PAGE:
The last 15 years have witnessed the development of modern infrared spectroscopy into a useful biodiagnostic tool for the analysis of cells, tissues, and body fluids. Dedicated technologies have evolved for rapidly discriminating between diverse microorganisms, testing single cells, and identifying various disease states in humans and animals. Particularly interesting applications arose by means of light microscopes coupled to infrared spectrometers. Infrared microscopes equipped with focal plane array detectors allow routinely the parallel collection of thousands of pixel spectra across microscopic areas of biological samples. This imaging technology can be used for automatic histological segmentation and imaging of tissue structures without dyes or molecular probes. Recent biomedical studies have proven that FT-IR imaging can be used to objectively differentiate benign from malignant histopathological structures in various tissues. Basically the same experimental set-up is also well suited to integrate the fundamental tasks of microbiological analysis, namely detection, enumeration, and differentiation of micro-organisms in one single apparatus. Due to its high brilliance, IR-synchrotron light coupled into high-quality FT-IR microscopes has been used for spectral mapping of single cells at a spatial resolution near the diffraction limit of mid-infrared light. The problem of extracting the characteristic information from the typically very complex, fingerprint-like infrared signatures of biological samples is generally addressed by applying bioinformatic techniques such as factor-, cluster-, linear discriminant analysis, and artificial neural networks together with so-called “feature extraction” algorithms. Examples are given on the characterization of micro-organisms, analysis of single eukaryotic cells, imaging of diseased human tissues, and disease recognition from body fluids that highlight the new possibilities of modern biomedical infrared spectroscopy.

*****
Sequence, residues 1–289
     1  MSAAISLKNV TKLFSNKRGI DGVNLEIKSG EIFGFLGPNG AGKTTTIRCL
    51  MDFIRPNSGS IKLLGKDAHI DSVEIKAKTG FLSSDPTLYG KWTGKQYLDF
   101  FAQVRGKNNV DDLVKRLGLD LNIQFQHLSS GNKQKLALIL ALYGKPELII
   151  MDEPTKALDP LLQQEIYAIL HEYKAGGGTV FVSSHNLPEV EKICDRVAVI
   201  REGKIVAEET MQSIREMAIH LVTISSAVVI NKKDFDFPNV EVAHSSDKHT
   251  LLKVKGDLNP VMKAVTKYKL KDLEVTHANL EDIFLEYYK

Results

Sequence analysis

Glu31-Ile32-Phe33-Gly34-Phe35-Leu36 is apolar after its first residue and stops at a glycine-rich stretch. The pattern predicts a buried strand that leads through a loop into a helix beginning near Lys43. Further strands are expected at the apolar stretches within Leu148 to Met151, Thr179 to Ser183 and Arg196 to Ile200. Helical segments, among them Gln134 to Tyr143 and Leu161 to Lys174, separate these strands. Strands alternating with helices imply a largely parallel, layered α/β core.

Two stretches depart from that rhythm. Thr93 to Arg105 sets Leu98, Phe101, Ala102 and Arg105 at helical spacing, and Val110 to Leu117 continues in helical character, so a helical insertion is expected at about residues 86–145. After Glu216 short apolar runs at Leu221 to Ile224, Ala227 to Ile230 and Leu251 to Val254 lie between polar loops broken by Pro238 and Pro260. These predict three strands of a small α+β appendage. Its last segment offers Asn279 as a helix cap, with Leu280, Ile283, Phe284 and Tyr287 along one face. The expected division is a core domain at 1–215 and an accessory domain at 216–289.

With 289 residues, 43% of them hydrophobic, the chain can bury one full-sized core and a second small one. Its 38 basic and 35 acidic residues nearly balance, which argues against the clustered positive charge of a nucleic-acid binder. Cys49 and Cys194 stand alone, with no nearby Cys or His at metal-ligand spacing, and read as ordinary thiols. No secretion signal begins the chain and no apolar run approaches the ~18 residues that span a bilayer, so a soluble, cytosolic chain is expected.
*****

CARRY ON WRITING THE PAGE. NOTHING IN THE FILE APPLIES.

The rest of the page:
This Chapter discusses the latest advances in the application of Near Infrared Spectroscopy (NIRS) in biomedical science.
Synchrotron infrared microscopy exploits the so-called brightness (or brilliance) advantage of synchrotron radiation. The main characteristics of such a source, coupled with an infrared microscope, are reviewed. Several important applications in the biomedical field are summarized including drug effects on cancer cells, growth factor signaling in single cells, compositional changes in microdamaged bone, infectious prion protein structure in nervous tissues, human substantia nigra in Parkinson's disease and β-amyloid deposition in Alzheimer's disease.